A first foray into the 18th century – layers of a robe à l’anglaise

This is the sketch-y origins of this site, one could say 😉

robealanglaisemusings

I started doodling because I realised if I wanted to make a robe à l’anglaise in en forreau style, I need the at the time contemporary underwear, because it (and other robes) is designed to be worn with them underneath. And very much requires sturdy underwear, since there is a lot of fabric to strut around in.

And the best way to get an overview was to start sketching. When researching this it turns out the layers are..

¤ headwear
– aka cap of some sort (sometimes even a larger cap/hat was worn over another, for when going outside)
– because women then always wore one of these, bathing often was not a luxury and head-wear helped protect the hair, however very informal and for some formal situations a smaller cap was used, or not at all!

¤ chemise
– the innermost layer worn against the skin
– some sources claim just about knee-length or below, others mid-calf, but maybe the more posh the more and better fabric to spare, and not needing to bother with it getting in the way/getting dirty quick if very long?

¤ stockings
– aka long socks! reaching a few inches above the knees
– they hadn’t very elastic materials back then, so was held in place with a garter, tied around each stocking below the knees, yet many illustrations show garters tied above the knee, but this is not really practical, it may however have been done intentionally by seductive ladies, or artists who thought it’d be nice to spice things up..

¤ shoes
– most likely leather kind with a pointed toe, and with buckles, but there were a few other designs that looked more slipshoe-y
– why put on them already? because once you wore the stays you couldn’t really bend well at the waist, unless of course you wore so called mules that you could easily step in to when standing straight up, or had a maid to help get you get dressed

¤ stays
– which is often incorrectly thought of as a corset, but it isn’t ’til the 19th century the first corsets appear, stays “they mold, shape and hold (stay) the female torso” [x]
– when well-fitted it should be comfortable to wear it, not intended to be that tightly laced, more to give the torso a V shape by pushing the bosom upwards and slim down the waistline
– sort of like their version of a bra, every gal wore one, and if one didn’t know how to make one, one could buy one made out of cheap leather from a shop

¤ ditto
– aka a modesty skirt, because should it be windy or the horrors should a lady stumble and accidentally expose her ahem under layers, if not more! then this skirt that was a bit narrow and knee-length at most, would help keep things covered
– back in the days very much needed, cuz no panties! :O in other words, an optional layer nowadays

¤ bum roll / panniers / hip pad
– aka how to expand hips and get that fashionably wiiide skirt volume/fullness
– might take some experimenting to get the right volume, depending on your figure type, stays and fake hips used

¤ petticoat(s)
– aka underskirt(s), or under-petticoat(s)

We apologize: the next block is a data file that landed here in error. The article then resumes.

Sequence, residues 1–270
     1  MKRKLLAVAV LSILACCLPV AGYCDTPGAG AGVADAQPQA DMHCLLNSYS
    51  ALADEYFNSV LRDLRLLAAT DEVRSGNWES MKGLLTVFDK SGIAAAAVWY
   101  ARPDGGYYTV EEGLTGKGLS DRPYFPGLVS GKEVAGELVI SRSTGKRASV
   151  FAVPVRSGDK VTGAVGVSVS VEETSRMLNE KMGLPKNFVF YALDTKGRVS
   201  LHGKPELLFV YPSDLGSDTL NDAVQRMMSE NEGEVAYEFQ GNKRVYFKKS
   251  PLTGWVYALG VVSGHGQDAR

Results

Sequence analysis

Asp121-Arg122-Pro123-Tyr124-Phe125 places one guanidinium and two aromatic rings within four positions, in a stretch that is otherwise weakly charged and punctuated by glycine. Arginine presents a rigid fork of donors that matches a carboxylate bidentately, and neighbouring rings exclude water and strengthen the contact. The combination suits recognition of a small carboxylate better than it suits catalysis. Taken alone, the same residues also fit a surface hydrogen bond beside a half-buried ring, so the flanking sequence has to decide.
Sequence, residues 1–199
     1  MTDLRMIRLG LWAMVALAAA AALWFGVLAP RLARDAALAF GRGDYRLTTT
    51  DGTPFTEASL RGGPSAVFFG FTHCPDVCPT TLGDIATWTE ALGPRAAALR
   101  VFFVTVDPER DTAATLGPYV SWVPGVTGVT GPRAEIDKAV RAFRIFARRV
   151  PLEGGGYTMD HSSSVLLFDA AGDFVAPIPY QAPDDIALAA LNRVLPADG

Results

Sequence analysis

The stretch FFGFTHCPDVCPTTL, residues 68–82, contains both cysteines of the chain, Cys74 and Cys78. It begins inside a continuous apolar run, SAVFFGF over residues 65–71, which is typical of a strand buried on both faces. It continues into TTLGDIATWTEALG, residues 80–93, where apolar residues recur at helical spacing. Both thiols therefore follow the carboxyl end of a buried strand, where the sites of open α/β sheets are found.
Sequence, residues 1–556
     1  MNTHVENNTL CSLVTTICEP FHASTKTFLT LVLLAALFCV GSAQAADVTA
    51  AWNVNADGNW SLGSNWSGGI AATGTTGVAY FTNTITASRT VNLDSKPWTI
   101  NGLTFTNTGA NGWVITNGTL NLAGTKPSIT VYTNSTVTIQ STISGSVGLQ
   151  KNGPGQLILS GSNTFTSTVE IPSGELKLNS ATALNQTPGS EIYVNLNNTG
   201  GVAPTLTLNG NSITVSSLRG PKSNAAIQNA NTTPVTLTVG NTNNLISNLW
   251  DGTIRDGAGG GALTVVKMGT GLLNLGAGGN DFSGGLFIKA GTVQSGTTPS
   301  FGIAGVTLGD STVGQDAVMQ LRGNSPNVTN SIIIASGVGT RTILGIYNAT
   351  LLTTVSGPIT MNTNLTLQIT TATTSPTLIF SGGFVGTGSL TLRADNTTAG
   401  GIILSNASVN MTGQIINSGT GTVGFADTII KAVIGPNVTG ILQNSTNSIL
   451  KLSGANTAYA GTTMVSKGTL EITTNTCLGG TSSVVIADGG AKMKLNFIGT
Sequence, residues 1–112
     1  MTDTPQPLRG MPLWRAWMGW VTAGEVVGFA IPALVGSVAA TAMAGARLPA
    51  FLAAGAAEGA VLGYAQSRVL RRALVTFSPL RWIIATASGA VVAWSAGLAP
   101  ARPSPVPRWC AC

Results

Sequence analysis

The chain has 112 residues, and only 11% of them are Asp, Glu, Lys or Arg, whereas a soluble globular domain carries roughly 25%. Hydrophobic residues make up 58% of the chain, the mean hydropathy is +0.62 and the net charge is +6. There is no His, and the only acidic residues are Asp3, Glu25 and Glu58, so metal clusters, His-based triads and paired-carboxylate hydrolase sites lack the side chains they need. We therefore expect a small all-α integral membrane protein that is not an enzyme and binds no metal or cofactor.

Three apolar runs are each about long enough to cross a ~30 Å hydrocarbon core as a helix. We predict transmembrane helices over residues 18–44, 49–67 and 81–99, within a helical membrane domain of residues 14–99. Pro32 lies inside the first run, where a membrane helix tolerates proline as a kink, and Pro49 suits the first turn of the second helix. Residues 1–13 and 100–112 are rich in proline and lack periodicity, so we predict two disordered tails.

– depending on weather/material, could be 2 to 5 of them used
– had side-slits, so pockets under could be reached!

¤ pockets
– aka cloth bags, often embroidered, with a string attached, for tying and fastening around the waist
– there really was no other way back then of solving the how-do-I-carry-stuff-with-me for a lady, in other words an optional layer

¤ jupe
– aka over-petticoat, the visible petticoat
– had side-slits, so pockets under the petticoats could be reached

¤ robe à l’anglaise
– aka top layer, for a robe à l’anglaise consisting of a fitted bodice and over-skirt (with an open front, showing the jupe), cut from one piece, using en forreau style of pleating
– another less fabric consuming pleating/cut, called quarter back, uses 4 pieces of fabric for the back, hence the name
– robes were usually kept in place in the front with pins, ribbons or hooks (because in this case/robe design, a so called stomacher is not used, a choice making this dress dither even more on the “informal” scale)

¤ Kerchief / Shawl / Fichu
– aka a kerchief/shawl/fichu (depending on where one lived, there were different terms), because we’re not done yet!
– used to cover up the bosom area, but for formal events like a party/ball ladies would not need to wear one

And thus the term fully dressed makes more sense, since for court one was expected to be just that, and as extravagantly as possible, of course!
ie, one covered the entire body in an appropriate manner, depending on the situation, and wore dress clothes. If my research is correct, that meant robe à l’anglaise, robe à la polonaise and robe à la francaise, with stomachers and overall fancier/more formal (will post about that robe later) made with expensive materials and extra poufyness to the skirts added thanks to panniers underneath. So a commoner, especially one working, would by default would have worn clothes that would qualify as “undress”, compared to court ladies that would have been “fully dressed”.

SOURCES
¤ A visual guide of 18th century shoes
¤ Corsets and Crinolines – Tidbits : A Mini Dictionary of Corset Terminology
¤ cazonetta @ youtube.com 18th Century Stays
¤ LBCC Historical @ YouTube – How to Dress 18th Century – How To Put On 18th Century Front Lacing Stays
¤ Démodé Couture – Late 18th Century Skirt Supports: Bums, Rumps, & Culs
¤ Closet Histories no. 4.3: The Stomacher

¤ The Colonial Williamsburg Foundation: Looking at Eighteenth-Century Clothing
¤ Memorial Hall Museum Online – Women’s Clothing from 1700
¤ The Staymaker – Dressing the 18th Century Lady

Leave a Reply

Your email address will not be published. Required fields are marked *